home > resume > undergrad > eecs270
Term Schedule
Intro Engr
Eng 100 Eng 101 T.C. 215 T.C. 496
EECS 210 EECS 211 EECS 212 EECS 230 EECS 270 EECS 280 EECS 311 EECS 320 EECS 330 EECS 401 EECS 451 EECS 452 EECS 461
Math & Sciences
Math 115 Math 116 Math 215 Math 216 Chem 125&130 Phys 140&141 Phys 240&241
HU & S.S.
JE 101&JE 102 RCNS 270 Hist 285 Hist 301
Eng 195 ME 424 P.A.T. 201 Phys 489 T.C. 450

EECS 270: Introduction to Logic Design

Completed: A

Binary and non-binary systems, Boolean algebra digital design techniques, logic gates, logic minimization, standard combinational circuits, sequential circuits, flip-fl ops, synthesis of synchronous sequential circuits, PLAs, ROMs, RAMs, arithmetic circuits, computer-aided design. Laboratory includes hard-ware design and CAD experiments using logic schematic editors and ABEL hardware language.

Spring 2001, Professor W. Becher, Lab GSI Joe Collins

This was a pretty easy class overall. I had taken most of the material previously at KC/TC. However, what made the class awesome was the lab which was based of a Xilinx FPGA evaluation board and software. I wish that at least one lab would be with 74xx series TTL logic chips, but it was ok. The sixth and seventh projects were to be done entirely using ABEL code due to the apparent complexity involved. The sixth project was a vending machine controller and the seventh project was a small 16 opcode microcomputer. Project six was the most fun because I chose to redo it using only pure gates instead of ABEL. My ABEL implementation utilized 45% of the CLBs on the FPGA which was the lowest utilization out of the class. However, after reworking the entire project in pure logic gates using a custom data path, I was able to drop the utilization first to 16% and then finally to 6%. The longer data path however resulted in a slight (3MHz) decrease in maximum clock frequency down to 26.6MHz. A top level schematic of the non-code binary implementation of lab six is shown below:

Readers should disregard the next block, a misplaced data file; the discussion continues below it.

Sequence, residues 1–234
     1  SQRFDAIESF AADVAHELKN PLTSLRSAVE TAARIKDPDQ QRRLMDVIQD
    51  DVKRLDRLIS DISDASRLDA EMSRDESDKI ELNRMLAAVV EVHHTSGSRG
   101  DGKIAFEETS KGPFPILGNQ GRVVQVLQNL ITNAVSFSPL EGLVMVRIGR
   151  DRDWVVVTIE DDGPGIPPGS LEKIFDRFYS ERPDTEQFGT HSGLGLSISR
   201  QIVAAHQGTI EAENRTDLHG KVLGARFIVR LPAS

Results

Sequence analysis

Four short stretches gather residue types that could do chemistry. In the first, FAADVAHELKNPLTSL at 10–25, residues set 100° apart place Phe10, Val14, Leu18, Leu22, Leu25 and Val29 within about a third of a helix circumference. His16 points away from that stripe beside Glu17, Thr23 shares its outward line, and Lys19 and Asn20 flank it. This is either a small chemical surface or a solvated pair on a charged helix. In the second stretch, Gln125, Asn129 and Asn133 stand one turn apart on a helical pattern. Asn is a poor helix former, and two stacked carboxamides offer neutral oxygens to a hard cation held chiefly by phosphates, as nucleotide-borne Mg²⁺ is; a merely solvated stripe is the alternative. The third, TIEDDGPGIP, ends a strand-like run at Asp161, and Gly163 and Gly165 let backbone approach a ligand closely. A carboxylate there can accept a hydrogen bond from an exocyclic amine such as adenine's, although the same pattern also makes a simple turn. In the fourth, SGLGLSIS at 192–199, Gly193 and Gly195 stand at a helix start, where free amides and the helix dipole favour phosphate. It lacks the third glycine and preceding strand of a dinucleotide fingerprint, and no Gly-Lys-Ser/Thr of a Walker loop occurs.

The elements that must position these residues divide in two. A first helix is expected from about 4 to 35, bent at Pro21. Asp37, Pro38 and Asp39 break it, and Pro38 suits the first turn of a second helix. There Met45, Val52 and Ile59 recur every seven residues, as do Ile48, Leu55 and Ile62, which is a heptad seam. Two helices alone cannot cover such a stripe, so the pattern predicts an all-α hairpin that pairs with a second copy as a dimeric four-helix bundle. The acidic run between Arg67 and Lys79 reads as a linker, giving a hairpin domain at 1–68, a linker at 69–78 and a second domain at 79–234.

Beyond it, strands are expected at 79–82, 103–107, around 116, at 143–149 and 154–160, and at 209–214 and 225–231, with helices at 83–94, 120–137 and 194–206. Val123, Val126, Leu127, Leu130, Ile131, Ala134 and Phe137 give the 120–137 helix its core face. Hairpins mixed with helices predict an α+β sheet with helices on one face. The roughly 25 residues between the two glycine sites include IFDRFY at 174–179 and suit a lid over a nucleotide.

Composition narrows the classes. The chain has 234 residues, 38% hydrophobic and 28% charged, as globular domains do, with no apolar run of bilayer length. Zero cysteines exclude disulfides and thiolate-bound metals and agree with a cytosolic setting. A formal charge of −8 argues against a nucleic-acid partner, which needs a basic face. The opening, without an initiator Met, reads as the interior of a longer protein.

Top level schematic of non-code Lab 6
Click to Enlarge Image



Information provided on this page is a result of undergraduate studies at the University of Michigan. Material may be copyrighted by the University of Michigan, James Glettler, and/or the various co-authors noted in group projects. Finished assignments are offered only for reference.